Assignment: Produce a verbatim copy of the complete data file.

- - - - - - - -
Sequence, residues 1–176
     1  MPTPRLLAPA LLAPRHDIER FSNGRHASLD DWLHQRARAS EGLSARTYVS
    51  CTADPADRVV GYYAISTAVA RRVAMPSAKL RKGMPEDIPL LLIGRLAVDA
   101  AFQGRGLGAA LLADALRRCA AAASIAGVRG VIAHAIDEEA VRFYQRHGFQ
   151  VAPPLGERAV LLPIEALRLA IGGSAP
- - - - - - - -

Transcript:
Sequence, residues 1–176
     1  MPTPRLLAPA LLAPRHDIER FSNGRHASLD DWLHQRARAS EGLSARTYVS
    51  CTADPADRVV GYYAISTAVA RRVAMPSAKL RKGMPEDIPL LLIGRLAVDA
   101  AFQGRGLGAA LLADALRRCA AAASIAGVRG VIAHAIDEEA VRFYQRHGFQ
   151  VAPPLGERAV LLPIEALRLA IGGSAP